In September 1867, a group of Fenians, members of the Irish Republican Brotherhood, blew a hole in the wall of Clerkenwell prison in London in an attempt to free another member of the organisation. The resulting explosion, while failing to free the prisoner, caused the collapse of a row of nearby working class houses, killing 12 and injuring over a hundred residents.
This was a time when Karl Marx and other revolutionaries supported the cause of Irish independence, particularly because they saw it as an essential precondition for breaking the ties between the working class in the mainland and their own ruling class, who used their domination of Ireland to create an illusion of privilege among the English workers and separate them from their Irish class brothers and sisters.
Nevertheless, Marx reacted angrily to the Fenians’ action. In a letter to Engels he wrote
“The last exploit of the Fenians in Clerkenwell was a very stupid thing. The London masses, who have shown great sympathy for Ireland, will be made wild by it and be driven into the arms of the of the government party. One cannot expect the London proletarians to allow themselves to be blown up in honour of the Fenian emissaries. There is always a kind of fatality about such a secret, melodramatic sort of conspiracy” 
Marx’s anger was intensified by the fact that, not long before the Clerkenwell explosion, large numbers of English workers had joined demonstrations in solidarity with five Fenians executed by the British government in Ireland.
In this brief passage from Marx, there is a neat summary of two of the main reasons why communists have always rejected individual terrorism: that it replaces the massive, self-organised action of the working class with conspiracies by small elites; and that, whatever the intentions of those who carry out such acts, their net result is to drive the working class away from an independent stance and into the hands of the government and the ruling class.
Terrorism yesterday and today
A great deal has changed since Marx wrote these words. The call for national independence, which made sense in an epoch when capitalism had not yet exhausted its progressive role, became inextricably linked, from the First World War onwards, with support for one imperialist camp against another. For Marx, terrorism was an erroneous method used by a national movement that deserved support. In our epoch, the epoch in which only proletarian revolution can offer a way forward for humanity, national movements have themselves become reactionary. Bound up with the endless imperialist conflicts that plague humanity, terrorist tactics have increasingly mirrored the brutal degradation which marks warfare in this period. Where once terrorist groups mainly targeted symbols and figureheads of the ruling class (as in the case of the Russian ‘People’s Will’ group who assassinated Tsar Alexander II in 1881), most of today’s terrorists translate the logic of the states who wage imperialist war – such as the indiscriminate aerial bombing of entire populations – into their own indiscriminate bombings and murders, aimed at a population which is blamed for the crimes of the governments which rule them.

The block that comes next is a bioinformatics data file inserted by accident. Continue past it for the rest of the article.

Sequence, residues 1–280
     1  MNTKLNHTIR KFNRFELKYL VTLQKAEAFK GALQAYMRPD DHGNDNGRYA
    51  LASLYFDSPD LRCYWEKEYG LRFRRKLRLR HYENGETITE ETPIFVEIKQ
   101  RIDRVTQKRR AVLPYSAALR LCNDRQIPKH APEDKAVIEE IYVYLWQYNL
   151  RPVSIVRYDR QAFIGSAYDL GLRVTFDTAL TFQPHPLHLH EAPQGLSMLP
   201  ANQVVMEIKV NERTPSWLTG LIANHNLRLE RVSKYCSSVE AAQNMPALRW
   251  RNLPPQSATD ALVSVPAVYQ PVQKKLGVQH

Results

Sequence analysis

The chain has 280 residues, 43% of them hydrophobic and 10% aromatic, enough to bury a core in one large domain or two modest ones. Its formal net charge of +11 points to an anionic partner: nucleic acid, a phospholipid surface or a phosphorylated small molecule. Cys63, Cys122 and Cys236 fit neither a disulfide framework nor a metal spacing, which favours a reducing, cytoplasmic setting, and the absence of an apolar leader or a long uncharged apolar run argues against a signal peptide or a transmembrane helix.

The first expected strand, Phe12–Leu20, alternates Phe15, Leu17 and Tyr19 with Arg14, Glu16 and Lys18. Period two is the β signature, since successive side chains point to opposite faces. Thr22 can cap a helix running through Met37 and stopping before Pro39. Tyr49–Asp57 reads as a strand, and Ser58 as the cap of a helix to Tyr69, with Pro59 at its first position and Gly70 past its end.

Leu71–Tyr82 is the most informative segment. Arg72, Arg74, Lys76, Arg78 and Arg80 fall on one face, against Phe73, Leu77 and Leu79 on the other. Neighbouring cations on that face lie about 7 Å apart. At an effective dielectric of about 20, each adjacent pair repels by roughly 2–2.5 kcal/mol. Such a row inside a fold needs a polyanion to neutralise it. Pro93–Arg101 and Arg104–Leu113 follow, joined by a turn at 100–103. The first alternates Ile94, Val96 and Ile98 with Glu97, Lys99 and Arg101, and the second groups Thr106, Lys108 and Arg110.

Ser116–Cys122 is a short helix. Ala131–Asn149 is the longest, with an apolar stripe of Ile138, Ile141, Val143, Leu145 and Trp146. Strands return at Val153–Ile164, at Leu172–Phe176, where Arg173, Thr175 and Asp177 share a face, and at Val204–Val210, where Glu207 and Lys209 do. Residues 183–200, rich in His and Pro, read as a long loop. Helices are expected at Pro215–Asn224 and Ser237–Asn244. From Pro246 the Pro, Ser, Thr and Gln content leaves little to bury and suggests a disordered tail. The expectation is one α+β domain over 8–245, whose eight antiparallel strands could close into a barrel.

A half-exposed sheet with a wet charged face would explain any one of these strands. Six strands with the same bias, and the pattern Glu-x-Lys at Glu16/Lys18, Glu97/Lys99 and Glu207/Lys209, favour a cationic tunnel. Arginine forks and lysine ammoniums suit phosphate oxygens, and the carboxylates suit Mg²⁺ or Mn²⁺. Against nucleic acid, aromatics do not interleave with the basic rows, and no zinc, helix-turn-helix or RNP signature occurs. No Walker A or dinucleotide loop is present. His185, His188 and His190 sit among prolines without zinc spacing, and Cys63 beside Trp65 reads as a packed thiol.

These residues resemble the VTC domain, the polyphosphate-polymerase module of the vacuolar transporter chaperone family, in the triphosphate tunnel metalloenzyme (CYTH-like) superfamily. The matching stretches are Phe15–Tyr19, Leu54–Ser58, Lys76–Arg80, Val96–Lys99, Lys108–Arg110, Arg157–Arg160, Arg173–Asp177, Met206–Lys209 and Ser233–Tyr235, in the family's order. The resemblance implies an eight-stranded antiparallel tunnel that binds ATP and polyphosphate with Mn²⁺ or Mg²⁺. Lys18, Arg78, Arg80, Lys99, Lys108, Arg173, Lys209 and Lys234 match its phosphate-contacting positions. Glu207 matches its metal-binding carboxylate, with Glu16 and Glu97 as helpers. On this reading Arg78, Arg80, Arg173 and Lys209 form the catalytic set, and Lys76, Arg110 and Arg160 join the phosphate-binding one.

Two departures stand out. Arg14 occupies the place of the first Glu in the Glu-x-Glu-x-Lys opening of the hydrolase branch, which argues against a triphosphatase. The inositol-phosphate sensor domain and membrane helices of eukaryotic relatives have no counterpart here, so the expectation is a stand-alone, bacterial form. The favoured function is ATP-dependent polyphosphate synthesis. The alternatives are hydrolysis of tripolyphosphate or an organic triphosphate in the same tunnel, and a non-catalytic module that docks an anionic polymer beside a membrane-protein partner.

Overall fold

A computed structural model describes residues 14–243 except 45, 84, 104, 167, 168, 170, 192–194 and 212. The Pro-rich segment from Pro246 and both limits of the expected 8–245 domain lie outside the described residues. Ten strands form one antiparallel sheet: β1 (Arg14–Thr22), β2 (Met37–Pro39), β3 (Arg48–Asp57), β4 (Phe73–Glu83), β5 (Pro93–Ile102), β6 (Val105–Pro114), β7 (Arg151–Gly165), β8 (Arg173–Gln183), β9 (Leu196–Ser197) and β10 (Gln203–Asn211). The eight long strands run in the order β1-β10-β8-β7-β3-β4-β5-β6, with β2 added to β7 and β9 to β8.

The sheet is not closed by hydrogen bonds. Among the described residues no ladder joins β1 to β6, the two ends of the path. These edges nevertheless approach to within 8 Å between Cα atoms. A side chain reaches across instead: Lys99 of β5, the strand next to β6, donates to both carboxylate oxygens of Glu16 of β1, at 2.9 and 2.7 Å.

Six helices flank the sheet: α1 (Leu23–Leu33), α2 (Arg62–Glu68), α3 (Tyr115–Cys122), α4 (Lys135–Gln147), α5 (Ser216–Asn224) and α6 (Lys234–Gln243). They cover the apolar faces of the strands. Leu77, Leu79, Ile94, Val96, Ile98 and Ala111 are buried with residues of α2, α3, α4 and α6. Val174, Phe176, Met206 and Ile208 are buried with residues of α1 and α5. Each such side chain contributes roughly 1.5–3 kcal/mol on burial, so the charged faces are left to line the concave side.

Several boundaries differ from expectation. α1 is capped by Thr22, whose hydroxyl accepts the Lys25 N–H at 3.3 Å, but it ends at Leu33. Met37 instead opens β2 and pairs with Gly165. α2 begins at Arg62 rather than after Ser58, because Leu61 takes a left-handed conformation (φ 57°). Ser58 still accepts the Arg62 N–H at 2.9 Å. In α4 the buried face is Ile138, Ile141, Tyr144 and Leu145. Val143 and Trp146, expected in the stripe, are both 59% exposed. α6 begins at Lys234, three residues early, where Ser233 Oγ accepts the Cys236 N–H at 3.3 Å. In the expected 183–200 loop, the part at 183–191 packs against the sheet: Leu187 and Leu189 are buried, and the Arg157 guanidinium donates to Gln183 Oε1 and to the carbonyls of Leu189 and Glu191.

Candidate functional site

According to today’s pseudo-revolutionaries on the left, behind the religious slogans of al-Qaida or Isis terrorists, we are witnessing the same old struggle against national oppression that the Fenians were engaged in, and today’s marxists should therefore offer support for such movements, even if they distance themselves from their religious ideology and from their terrorist methods. But as Lenin said in response to those social democrats who used the writings of Marx to justify participation in the first imperialist world war: “Anyone who today refers to Marx’s attitude towards the wars of the epoch of the progressive bourgeoisie, and forgets Marx’s statement that the ‘workingmen have no country’ – a statement that applies precisely to the period of the reactionary and outmoded bourgeoisie, to the epoch of the socialist revolution, is shamelessly distorting Marx, and is substituting the bourgeois point of view for the socialist.” (Lenin, Socialism and War, 1915). The murderous means used by groups like Isis and their sympathisers are entirely consistent with their aims – which is not to overturn oppression but to substitute one form of oppression for another, and to ‘win’ at any cost in the gruesome battle between the one set of imperialist powers and another set (such as Saudi Arabia or Qatar, for example) which backs them up. And their ‘ultimate’ ideal – the global Caliphate – even if it is as unrealisable as Hitler’s Thousand-Year Reich, is no less an imperialist venture, demanding well-tried imperialist measures of slaughter and conquest.